One thing worth noting is that the manual says “When using an IMR 18650 battery and the power level is low please stop using the product when the power level is low to prevent damage to the battery. An IMR battery is what the light ships with. This suggests that the light doesn’t have low voltage protection for this type of battery built in, so using protected cells would be a good idea. Lucky the one that ships with the light is protected.

UI
The tail switch on this light functions as only an on and off. It takes a decent amount of force to press, I think this is good for a tactical light.

For normal operation this light has 5 modes, UltraLow, Low, Mid, High, and Turbo. When the light is on the mode button cycles through them. Memory mode is strong on this light and works everywhere except strobe.

Momentary access to turbo is possible if the light is on by holding the Mode button for 1 second, if you let off it returns to what mode you were in previously.

Strobe on this light isn’t at just one rate. It’s pretty fast and then alternates between fast and really fast. I like it, I just wish strobe wasn’t so easy to access with just a double click of the mode button. When in st4robe you can also get to Beacon or SOS by long pressing on the mode button. To exit a special mode just short press on the mode button to return where you were previously.

Direct access to moonlight mode can be accessed with the light is off by pressing and holding the mode button, while actuating the tail button, so it’s a 2 hand operation.

Recharging
This light has recharging via microUSB on the tail cap of the light. There is a rubber flap that protects the port from dust and moisture. The port is also conformally coated, so it’s protected from moisture even if the flap is open. To test this I dunked it in water and then blew some air in the port with my mouth and proceeded to charge it without issue. There is also a small blue LED built into the tail cap to show charging status. Blinking blue means it’s charging, solid blue means it’s full.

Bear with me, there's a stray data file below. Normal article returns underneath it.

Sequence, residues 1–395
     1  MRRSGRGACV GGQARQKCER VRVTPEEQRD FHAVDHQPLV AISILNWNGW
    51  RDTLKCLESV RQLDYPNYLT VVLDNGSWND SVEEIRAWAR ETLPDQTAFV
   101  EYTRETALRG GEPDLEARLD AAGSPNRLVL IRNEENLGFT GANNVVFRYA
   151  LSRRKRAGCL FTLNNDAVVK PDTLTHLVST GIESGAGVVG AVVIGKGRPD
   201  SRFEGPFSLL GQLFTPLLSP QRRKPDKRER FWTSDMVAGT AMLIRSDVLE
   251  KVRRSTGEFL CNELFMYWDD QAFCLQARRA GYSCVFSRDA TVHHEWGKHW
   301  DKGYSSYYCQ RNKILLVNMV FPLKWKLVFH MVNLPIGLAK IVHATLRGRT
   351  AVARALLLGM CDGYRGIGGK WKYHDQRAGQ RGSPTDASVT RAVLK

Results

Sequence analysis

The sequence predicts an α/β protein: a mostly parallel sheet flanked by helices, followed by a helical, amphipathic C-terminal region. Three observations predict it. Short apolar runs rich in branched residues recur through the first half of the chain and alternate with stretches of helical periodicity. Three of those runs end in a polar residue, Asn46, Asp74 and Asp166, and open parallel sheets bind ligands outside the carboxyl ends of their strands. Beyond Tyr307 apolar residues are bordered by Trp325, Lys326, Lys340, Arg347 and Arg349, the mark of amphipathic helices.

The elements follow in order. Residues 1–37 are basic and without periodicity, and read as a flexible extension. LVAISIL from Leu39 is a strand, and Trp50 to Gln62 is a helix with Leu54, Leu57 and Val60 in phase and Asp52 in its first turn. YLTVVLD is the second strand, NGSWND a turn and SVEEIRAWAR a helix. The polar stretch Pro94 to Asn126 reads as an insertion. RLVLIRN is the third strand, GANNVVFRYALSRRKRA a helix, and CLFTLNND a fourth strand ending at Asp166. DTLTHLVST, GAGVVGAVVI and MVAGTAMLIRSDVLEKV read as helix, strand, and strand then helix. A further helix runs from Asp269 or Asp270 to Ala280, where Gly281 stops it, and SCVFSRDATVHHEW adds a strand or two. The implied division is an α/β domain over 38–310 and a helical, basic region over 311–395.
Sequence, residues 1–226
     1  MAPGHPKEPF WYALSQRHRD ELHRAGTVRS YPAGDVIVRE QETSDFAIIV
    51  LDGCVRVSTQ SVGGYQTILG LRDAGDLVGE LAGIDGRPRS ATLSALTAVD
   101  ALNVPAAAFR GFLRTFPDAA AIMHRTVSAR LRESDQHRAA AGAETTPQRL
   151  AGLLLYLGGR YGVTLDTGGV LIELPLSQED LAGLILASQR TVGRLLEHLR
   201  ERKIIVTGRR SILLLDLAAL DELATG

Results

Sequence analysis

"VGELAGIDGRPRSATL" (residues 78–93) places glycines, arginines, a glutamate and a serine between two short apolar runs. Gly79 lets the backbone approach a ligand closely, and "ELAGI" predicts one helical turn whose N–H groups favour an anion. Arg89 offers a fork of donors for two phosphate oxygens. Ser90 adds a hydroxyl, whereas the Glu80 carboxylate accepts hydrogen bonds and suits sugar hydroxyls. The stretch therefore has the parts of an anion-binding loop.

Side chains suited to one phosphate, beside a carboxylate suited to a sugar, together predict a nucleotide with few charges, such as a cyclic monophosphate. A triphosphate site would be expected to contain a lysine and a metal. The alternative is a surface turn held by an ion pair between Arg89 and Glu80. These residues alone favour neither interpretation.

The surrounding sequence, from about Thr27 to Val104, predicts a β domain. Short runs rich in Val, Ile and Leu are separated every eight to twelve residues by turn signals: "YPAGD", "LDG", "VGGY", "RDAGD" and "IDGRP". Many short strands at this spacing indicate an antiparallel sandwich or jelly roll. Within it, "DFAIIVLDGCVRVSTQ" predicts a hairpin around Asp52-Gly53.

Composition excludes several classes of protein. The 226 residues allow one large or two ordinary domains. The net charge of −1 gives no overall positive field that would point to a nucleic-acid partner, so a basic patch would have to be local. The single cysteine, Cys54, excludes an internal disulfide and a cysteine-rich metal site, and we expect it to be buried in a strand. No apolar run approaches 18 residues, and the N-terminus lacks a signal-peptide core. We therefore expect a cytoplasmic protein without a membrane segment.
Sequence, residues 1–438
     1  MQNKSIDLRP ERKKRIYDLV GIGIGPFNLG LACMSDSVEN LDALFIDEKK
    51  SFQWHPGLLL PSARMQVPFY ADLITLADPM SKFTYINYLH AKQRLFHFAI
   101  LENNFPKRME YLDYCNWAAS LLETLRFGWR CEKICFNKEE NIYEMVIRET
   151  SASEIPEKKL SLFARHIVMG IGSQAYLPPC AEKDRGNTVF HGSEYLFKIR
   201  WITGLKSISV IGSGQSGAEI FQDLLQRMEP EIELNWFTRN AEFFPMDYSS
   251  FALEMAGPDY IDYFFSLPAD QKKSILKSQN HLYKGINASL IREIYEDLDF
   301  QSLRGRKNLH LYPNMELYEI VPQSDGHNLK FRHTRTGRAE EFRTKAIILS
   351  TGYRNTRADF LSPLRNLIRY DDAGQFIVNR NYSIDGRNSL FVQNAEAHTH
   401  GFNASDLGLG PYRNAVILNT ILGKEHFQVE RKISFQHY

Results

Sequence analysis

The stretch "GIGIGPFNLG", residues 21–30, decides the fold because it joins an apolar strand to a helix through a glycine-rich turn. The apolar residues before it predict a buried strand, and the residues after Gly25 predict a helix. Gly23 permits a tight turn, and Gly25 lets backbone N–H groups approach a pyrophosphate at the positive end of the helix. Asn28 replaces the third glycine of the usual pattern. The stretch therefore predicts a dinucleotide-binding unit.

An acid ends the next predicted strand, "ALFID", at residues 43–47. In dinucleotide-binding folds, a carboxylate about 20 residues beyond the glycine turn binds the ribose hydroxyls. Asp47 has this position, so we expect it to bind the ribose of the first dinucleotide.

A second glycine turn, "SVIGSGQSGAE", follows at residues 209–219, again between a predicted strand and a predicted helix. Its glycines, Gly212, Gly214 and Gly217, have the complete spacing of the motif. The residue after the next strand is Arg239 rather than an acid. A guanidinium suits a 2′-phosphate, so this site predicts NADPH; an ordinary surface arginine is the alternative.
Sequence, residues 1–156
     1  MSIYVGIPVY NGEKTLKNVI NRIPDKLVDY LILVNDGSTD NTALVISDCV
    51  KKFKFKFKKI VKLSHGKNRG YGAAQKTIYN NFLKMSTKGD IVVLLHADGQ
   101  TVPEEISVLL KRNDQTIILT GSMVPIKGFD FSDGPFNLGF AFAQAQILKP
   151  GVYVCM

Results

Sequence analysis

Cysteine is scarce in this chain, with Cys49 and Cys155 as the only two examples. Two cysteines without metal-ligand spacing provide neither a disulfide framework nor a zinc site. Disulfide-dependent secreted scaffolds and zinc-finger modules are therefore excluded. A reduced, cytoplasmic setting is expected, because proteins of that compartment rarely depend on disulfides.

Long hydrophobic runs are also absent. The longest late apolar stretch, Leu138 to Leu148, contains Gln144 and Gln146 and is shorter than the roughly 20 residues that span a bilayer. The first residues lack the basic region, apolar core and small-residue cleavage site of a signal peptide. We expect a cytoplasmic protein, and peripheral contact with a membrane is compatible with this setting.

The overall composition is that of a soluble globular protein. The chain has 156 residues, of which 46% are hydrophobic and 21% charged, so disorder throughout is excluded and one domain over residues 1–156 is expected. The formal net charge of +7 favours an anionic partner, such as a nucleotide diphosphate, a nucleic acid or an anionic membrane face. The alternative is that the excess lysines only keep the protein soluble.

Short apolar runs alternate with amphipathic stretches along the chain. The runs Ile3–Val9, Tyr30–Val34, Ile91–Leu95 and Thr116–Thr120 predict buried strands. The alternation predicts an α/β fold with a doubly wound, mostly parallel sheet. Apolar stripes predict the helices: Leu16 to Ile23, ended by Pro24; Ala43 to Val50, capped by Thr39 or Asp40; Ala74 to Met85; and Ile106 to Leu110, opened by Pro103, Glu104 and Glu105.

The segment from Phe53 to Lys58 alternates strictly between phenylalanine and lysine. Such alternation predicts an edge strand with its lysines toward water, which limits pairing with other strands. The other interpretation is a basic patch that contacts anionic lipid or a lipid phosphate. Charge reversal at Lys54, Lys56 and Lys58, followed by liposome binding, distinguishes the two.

The disappointing thing about charging via USB on this light is the speed. I saw charging speeds at it highest at only 0.64A. So for the included 3500mAh battery that means a full charge took me 10 hours, 9 minutes. This is really slow in 2018 for a premium light. I would expect a minimum of 1A these days, if not closer to 2A to cut down on the charging time substantially.

Pro

  • Comes with a nice high capacity Nitecore battery
  • Waterproofing even with the USB protective cap off
  • Quick access to ultralow 1 lumen mode

Con

  • Slow onboard Recharging .64A means using onboard recharging takes forever.
  • Beam throws well but has a slightly more dim area in the direct center.
  • Not a big fan of double click to strobe, I would prefer double click of the mode button to go to turbo and triple click for strobe.

Conclusion
The Nitecore MH12GTS is a pretty nice tactical style light with a good amount of throw for its compact size. The UI takes a little while to get used to but if this was a light you used often I think most would like it. I like how it’s able to use a pretty wide variety of power, including primary and flat top unprotected 18650’s. I like that Nitecore has put a lot of effort into making the USB port waterproof. I can get past the beam irregularities in normal everyday use, but the slow charging time is hard to live with on a premium light. Overall it’s a nice showing here from Nitecore and one that will be especially useful for a nice throw in a small diameter light.

Link to the NitecoreStore for the MH12GHTS https://www.nitecorestore.com/MH12GTS-1800-Lumen-Long-Throw-Flashlight-p…

Flashlight Reviews Review Reviews Website

Lumintop ODL20C Review (26650 Thrower w/ USB-C Recharging)

Today I have the Lumintop ODL20-C. This is a Thrower style light using a 26650 battery and it has USB-C on it for recharging. This light is using a Cree XHP35 HI LED Emitter, is capable of upto 2000 Lumens meaning it can throw a beam 860 meters. Thanks to FastTech.com for sending this to me to review.

Full Image Gallery: https://imgur.com/a/V8DqyxV

YouTube Version of this Review:

Packaging